Sunday, March 14, 2010

Magic Under Glass, Jaclyn Dolamore

Nimira is a music-hall girl used to dancing for pennies. So when wealthy sorcerer Hollin Parry hires her to sing acompaniment to a mysterious piano-playing automaton, Nimira believes it will be the start of a better life. In Parry's world, long-buried secrets are about to stir. Unsettling rumors begin to swirl about ghosts, a madwoman roaming the halls, and Parry's involvement with a league of sorcerers who torture fairies for sport. When Nimira discovers that the spirit of a dashing fairy gentleman is trapped within the automaton, she is determined to break the curse. But even as the two fall into a love that seems hopeless, breaking the curse becomes a perilous race against time. Because it's not just the future of these star-crossed lovers that's at stake, but the fate of the entire magical world.

I bought this book after hearing about it during the whole cover dustup. And I am so glad I did. It is a great story with so many clever elements woven throughout. I need to stop saying this about every single book but yet again the UK cover wins for me. Especially after reading the story. I like that Erris is included in the art as well. And in the end I'm not a huge fan of covers featuring photos anyway.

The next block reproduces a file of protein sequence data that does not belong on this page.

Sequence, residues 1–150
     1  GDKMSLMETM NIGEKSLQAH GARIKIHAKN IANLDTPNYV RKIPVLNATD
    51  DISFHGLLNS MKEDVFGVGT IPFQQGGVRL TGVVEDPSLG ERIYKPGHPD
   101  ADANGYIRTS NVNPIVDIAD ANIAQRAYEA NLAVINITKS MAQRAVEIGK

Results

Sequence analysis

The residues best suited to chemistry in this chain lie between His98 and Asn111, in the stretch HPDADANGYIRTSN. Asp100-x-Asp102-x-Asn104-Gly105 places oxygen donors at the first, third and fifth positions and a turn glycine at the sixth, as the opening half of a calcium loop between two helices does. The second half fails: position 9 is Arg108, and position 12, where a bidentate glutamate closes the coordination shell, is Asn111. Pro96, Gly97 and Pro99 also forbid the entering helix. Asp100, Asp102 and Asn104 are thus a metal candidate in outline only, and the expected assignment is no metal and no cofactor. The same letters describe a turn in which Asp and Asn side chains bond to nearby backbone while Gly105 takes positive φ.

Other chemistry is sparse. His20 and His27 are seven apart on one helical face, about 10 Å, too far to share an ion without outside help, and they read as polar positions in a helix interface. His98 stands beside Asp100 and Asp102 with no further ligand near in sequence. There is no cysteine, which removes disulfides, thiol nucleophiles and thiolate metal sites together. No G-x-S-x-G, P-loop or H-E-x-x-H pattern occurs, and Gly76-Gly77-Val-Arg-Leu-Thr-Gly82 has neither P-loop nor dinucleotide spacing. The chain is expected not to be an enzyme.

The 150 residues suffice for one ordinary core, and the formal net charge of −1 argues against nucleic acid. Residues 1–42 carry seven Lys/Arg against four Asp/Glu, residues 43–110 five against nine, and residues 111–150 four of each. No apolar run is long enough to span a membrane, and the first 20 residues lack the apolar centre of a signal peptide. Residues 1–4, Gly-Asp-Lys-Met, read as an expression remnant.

I loved the gothic novel feel this book has especially the homage to Jane Eyre with the whole crazy wife in the attic. I liked the references to Rebecca as well with the Mrs. Danvers like housekeeper stalking the forbidden wing of the estate and being menacing. So much fun stuff.

I also really enjoyed reading about the automaton. I hadn't really read the whole synopsis of the book so I was honestly surprised and intrigued by the whole plot line with Erris. It also reminded me a lot of The Invention of Hugo Cabret, which I also thought was really well done.

I really liked this line, "late at night I dreamed of things I scoffed at by the light of day" (p.2) and this one made me laugh, "... fairies are born of the dirt beneath our feet."
"What does that mean? Do fairy babies grow like carrots?" (p.49) That seems like an Anne Geddes portrait waiting to happen.

So in summary, this is an awesome book! My only complaint is that it ended before I was ready to move on. Please let there be a sequel!

Here is a fun interview with Jaclyn Dolamore on The Hiding Spot. She sounds like such an interesting person. I love all these sketches that she did for the characters. And the book trailer is cool too. She is clearly an artsy kind of person.

And the trailer had me thinking about the Musee Mechanique which I have not visited in years. Maybe they have a piano playing fairy prince on display.

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